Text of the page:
US Coins

Collectors get first look at 2019 American Innovation dollar designs

Collectors now know what the 2019 American Innovation $1 coins will look like, after final designs were revealed Aug. 14 by U.S. Mint Director David J. Ryder at the American Numismatic Association World’s Fair of Money in Rosemont, Illinois.

The four 2019 coins will bear reverse designs reflecting inventions or innovations in the first four states — Delaware, Pennsylvania, New Jersey and Georgia.

All of the coins in the 14-year program will pair reverse designs reflective of each state, the District of Columbia and five U.S. territories with the common obverse depicting a rendition of the Statue of Liberty.

The coins are being issued in the order each state joined the Union or ratified the Constitution.

➤ Delaware — The adopted reverse was designed by U.S. Mint Artistic Infusion Program artist Donna Weaver and sculpted by Mint Chief Engraver Joseph F. Menna. Weaver’s design “recognizes astronomer Annie Jump Cannon who developed a system for classifying the stars that is still used today. This design features a silhouette of Ms. Cannon against the night sky, with a number of stars visible.”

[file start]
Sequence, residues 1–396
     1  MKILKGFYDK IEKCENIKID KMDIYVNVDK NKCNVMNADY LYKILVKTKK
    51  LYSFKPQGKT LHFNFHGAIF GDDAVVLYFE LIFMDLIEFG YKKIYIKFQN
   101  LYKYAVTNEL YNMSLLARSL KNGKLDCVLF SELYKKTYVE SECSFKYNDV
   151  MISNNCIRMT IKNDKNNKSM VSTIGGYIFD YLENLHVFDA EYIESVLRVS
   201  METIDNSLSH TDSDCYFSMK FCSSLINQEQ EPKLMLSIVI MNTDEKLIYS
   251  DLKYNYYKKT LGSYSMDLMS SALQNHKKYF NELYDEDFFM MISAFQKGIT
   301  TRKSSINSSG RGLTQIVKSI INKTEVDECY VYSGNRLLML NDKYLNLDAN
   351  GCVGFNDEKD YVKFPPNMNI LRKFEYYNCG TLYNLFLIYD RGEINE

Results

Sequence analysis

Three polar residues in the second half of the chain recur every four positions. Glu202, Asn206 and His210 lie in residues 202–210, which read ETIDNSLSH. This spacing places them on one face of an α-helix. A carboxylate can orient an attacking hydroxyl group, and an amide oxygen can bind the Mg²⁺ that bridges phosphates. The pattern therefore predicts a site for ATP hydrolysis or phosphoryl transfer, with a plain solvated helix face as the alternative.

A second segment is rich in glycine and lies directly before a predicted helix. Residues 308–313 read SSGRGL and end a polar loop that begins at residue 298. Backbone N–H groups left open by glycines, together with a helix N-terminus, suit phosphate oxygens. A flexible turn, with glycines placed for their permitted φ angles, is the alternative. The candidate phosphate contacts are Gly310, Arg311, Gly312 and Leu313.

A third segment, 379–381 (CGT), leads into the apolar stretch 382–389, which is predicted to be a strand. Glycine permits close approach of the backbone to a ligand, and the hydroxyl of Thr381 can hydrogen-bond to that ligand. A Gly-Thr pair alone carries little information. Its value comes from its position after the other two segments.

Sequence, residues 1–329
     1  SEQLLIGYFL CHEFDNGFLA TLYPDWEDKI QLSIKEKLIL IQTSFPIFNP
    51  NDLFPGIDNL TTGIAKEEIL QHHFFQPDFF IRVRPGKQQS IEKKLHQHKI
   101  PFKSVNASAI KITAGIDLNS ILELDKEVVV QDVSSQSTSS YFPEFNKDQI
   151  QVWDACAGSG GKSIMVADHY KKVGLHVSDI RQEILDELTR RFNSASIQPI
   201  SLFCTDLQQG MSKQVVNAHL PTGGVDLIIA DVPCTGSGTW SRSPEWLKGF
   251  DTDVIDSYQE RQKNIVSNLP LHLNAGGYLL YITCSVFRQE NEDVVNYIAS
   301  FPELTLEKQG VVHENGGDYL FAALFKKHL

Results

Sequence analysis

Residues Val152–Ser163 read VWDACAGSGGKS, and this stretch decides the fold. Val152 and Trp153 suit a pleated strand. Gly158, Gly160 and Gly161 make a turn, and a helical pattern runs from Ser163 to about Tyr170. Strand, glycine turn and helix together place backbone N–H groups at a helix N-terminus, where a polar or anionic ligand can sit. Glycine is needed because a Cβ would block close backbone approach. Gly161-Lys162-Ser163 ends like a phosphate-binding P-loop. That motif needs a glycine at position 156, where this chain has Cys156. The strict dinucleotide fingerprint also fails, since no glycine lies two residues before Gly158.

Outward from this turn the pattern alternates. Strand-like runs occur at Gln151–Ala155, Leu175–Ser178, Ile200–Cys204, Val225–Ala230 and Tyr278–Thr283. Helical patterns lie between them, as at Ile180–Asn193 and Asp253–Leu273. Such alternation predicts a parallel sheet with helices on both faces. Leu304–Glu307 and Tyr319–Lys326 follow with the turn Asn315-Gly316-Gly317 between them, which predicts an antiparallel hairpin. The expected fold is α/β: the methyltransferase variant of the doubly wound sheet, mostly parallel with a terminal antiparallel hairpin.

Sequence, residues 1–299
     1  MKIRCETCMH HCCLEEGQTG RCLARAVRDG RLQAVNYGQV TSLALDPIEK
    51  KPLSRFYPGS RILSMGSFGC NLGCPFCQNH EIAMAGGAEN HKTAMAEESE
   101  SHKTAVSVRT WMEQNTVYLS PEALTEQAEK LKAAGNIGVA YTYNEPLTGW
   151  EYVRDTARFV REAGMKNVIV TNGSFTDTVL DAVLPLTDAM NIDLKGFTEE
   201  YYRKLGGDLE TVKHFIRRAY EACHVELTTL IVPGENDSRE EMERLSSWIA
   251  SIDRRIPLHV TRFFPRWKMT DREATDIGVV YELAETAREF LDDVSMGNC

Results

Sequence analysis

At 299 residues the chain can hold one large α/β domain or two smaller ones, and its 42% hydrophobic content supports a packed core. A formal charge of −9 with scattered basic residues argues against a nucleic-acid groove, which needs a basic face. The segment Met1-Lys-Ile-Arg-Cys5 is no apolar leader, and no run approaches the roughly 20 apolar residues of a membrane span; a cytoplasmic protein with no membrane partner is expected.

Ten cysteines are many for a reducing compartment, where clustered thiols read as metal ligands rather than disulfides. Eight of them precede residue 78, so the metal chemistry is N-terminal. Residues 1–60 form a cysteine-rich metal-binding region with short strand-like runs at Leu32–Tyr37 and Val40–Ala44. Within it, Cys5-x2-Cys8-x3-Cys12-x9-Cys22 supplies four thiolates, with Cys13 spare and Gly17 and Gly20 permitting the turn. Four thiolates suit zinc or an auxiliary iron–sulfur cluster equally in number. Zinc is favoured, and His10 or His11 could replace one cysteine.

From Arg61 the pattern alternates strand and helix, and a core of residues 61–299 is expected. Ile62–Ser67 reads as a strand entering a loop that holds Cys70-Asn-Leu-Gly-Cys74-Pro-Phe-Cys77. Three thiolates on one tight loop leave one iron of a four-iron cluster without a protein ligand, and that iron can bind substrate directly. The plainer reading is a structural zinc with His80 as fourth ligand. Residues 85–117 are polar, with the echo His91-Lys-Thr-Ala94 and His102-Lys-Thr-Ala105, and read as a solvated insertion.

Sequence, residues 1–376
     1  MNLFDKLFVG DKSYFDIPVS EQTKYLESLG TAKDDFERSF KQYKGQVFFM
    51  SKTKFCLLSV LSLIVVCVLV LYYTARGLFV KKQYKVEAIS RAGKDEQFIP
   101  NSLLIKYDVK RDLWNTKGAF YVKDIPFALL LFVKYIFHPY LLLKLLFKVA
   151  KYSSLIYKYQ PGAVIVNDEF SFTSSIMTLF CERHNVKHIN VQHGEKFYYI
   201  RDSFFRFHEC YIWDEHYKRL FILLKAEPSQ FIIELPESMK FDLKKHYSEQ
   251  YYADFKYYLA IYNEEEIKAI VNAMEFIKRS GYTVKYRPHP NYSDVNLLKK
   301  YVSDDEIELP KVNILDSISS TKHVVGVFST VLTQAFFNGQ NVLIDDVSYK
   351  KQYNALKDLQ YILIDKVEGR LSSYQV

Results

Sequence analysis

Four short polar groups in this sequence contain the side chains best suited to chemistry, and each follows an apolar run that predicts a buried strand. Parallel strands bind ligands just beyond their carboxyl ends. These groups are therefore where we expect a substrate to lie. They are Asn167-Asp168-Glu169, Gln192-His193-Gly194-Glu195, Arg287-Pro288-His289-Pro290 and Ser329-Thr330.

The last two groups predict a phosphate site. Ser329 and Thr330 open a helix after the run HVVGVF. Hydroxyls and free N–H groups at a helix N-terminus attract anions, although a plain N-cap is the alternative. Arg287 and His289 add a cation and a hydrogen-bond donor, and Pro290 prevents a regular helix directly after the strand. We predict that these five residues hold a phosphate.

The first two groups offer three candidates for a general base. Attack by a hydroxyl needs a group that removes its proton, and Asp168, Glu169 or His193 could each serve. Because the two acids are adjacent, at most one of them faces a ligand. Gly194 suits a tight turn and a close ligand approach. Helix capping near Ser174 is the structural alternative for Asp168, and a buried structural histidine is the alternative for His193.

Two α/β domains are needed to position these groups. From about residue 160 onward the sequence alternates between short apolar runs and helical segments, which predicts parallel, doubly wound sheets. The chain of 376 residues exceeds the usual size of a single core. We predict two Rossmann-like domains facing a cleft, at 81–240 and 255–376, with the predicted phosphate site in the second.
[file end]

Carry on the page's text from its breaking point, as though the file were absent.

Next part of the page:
➤ Pennsylvania — The approved reverse was designed by AIP artist Richard Masters and sculpted by Menna. Masters’ work “recognizes the creation of a vaccine to prevent polio. This design depicts an artist’s conception of the polio virus at three different levels of magnification along with the silhouette of a period microscope, representing the extensive research that was conducted to develop a cure for polio.”

➤ New Jersey — Designed by AIP artist Paul C. Balan and sculpted by Mint Sculptor-Engraver Phebe Hemphill. Balan’s design “honors the development of a lightbulb with a filament that could last 1,200 hours. This design features an Edison bulb against an ornate background.”

➤ Georgia — Design by AIP artist Emily Damstra and sculpted by Mint Sculptor-Engraver Michael Gaudioso. Damstra’s creation “recognizes the Trustees’ Garden, established in the 1730s. It was the first agricultural experimental garden in America. This coin’s design depicts a hand planting seeds in the inscription TRUSTEES’ GARDEN, from which grows a variety of species representing the variety of plants grown in the garden: an orange tree seedling, sassafras, grapes, white mulberry, flax, peaches, olive,” and a young shoot too small to be identified.

The common obverse design was executed by AIP artist Justin Kunz and sculpted by Hemphill. 

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